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Renton Maclachlan October 22nd, 2009 05:33 PM

shotgun inside...
 
I've noticed that several have said Shotgun mics should preferably not be used inside (best outside), rather, that a hyper-cardioid should be used inside instead.

1. I thought a shotgun WAS a hyper-cardioid.
2. What is the issue with shotguns inside?

Seth Bloombaum October 22nd, 2009 06:07 PM

1 Attachment(s)
This is more of a guideline than a rule. It's *almost* guaranteed that you'll wish for a hypercardoid if you try to shotgun from above in a typical home.

You're right - a shotgun is a hypercardoid with a longer interference tube. For that matter, a hyper is a cardoid with a longer... An omni has no interference tube.

The issue is that while the longer interference tube reduces off-axis sound, it doesn't do so equally across frequencies, and, worse, develops a lobe of sensitivity at the back which responds very non-linearly.

Use it near ceilings or walls, get a reflection of non-linear response. This can be heard very readily if you know what you're listening for. If you don't know what's going on, you may notice that the sound is more "hollow" than expected.

In summary - all mics are going to catch some room sound. Smaller and live-er the room, more room sound. The longer the interference tube (generally), the more colored the reflected sound will be.

Close study of the polar patterns of your favorite mics will help to tell the story. Below, the polar pattern of the Rode NTG2, a medium/short shotgun. Notice that the off-axis response is different at different frequencies.

This is definitely a case where your mileage varies. Every room is different for reflectivity, mikes are slightly different, since the manufacturers are always working to reduce these effects.

Carl Hoang October 29th, 2009 05:45 AM

What's the rule of thumb when not to use shotgun for inside?

Rob Neidig October 29th, 2009 09:00 AM

Carl,

I'd say you generally don't want to use a shotgun inside where there are lots of reflective surfaces. So in a room that has hard wood floors, or a kitchen with tile or linoleum, for instance. Anyplace where you get a very "echo-y" sound. A hyper will be better in those situations. Now if there's too much echo, a hyper isn't going to be great all by itself either. You may have to lay down sound blankets, etc. to get rid of some of the echo. In a carpeted living room or bedroom, though, I think a shotgun like the Sennheiser 416 can work quite well.

Have fun!

Rob

Steve House October 29th, 2009 10:26 AM

Quote:

Originally Posted by Carl Hoang (Post 1439605)
What's the rule of thumb when not to use shotgun for inside?

Pretty much any space that has not been acoustically treated such as a soundstage might be is going to be too reflective for a shotgun. For that matter, 'guns can encounter the same problem outdoors, on the tarmack at an airport or on a paved tennis court for example. The problem comes about due to the way sound entering the front of the mic interacts inside the tube with its reflections coming in through the side ports of the interference tube. Other types of directional mics like a hypercardioid do not use the interference principle and so don't have the same drawbacks.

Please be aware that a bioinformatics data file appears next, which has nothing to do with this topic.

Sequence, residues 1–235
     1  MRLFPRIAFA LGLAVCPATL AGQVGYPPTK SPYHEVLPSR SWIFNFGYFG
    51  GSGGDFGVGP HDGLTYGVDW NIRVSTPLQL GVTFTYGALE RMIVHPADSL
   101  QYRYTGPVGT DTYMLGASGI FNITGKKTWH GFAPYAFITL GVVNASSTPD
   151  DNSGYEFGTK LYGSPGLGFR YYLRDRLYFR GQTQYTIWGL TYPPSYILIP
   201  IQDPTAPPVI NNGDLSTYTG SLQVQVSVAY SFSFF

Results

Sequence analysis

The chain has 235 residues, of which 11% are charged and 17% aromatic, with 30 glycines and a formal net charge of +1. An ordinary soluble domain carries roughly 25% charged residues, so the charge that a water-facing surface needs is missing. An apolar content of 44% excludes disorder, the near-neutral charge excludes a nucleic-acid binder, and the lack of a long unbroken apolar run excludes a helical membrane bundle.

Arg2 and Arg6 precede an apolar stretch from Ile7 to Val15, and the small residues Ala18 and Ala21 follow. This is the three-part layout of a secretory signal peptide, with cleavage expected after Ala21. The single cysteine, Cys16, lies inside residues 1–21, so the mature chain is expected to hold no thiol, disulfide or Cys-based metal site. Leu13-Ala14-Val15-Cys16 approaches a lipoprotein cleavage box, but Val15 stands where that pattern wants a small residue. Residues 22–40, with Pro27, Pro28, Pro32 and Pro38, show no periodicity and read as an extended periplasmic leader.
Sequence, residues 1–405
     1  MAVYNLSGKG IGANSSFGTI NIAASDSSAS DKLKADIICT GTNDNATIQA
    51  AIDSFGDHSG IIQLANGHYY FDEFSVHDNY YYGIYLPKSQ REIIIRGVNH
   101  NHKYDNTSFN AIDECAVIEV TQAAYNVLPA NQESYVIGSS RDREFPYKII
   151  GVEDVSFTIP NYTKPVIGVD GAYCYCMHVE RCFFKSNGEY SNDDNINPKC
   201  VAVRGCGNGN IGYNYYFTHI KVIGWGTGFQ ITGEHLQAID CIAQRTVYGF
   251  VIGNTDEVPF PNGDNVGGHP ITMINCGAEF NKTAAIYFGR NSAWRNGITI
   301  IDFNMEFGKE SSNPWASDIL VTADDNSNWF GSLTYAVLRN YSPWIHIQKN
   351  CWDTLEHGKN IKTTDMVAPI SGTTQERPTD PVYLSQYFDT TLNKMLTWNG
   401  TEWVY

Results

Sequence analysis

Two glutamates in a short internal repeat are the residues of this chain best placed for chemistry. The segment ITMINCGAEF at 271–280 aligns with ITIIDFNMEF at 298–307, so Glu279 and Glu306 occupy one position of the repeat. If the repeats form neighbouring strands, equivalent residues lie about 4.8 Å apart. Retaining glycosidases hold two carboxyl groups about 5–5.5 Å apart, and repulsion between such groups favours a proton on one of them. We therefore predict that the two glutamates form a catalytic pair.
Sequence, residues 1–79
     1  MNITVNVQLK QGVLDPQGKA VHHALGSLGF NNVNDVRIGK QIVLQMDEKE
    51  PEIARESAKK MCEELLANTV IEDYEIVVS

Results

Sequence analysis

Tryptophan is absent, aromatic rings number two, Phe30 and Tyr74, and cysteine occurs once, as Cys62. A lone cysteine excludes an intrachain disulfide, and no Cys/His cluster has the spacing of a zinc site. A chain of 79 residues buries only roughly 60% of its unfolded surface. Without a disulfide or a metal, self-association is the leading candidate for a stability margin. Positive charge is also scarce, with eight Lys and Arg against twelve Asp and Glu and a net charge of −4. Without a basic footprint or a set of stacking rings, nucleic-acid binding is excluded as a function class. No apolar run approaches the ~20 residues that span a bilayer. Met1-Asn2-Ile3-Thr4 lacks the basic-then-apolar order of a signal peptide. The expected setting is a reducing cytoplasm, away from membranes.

Jimmy Tuffrey October 30th, 2009 01:58 AM

Standing next to stone walls can do it too. Especially if your in a corner with two walls and the stone pavement.

Dean Sensui October 30th, 2009 03:46 AM

Also, keep in mind that some shotguns are actually bi-directional and have poor rejection from the rear.

Marco Leavitt October 30th, 2009 10:27 AM

This issue can get murky. At SOME distances in SOME interiors, the shotgun will win, in others the hypercardiod. If you've got a very bright space and you can't get close enough it's more of a question of which will sound worse, as they're both going to sound like crap. Some people believe that shotguns actually will attenuate echo better than hypercardiods in very large reverberant rooms, but I'm not committed to that.

Steve House October 30th, 2009 10:52 AM

Yep, it's all a continuum. The really nasty effects occur when the reflected sound arrives so close to the direct sound that you get comb filtering effects inside the tube. As the time lag of the reflection gets longer it transitions into reverb and then again into echo and the effect changes for each. It's a very arcane art.

Dan Brockett October 30th, 2009 10:54 AM

Why not go through all of the nice sound samples I recorded both indoors and outdoors with hypercardioids and shotguns and decide for yourself? Much more accurate than discussing it As I Hear It - Choosing the Right Microphone

Dan

John Willett November 1st, 2009 04:14 AM

Quote:

Originally Posted by Dean Sensui (Post 1440133)
Also, keep in mind that some shotguns are actually bi-directional and have poor rejection from the rear.

All shotguns pick up from the rear - it's the law of physics.

A gun mic. is normally a super-cardioid capsule wirh an interference tube that makes it more directional at higher frequencies.

The rear lobe is normally about 10dB down in level from the front at low frequencies. The published polar-patterns should show you what;s happening.


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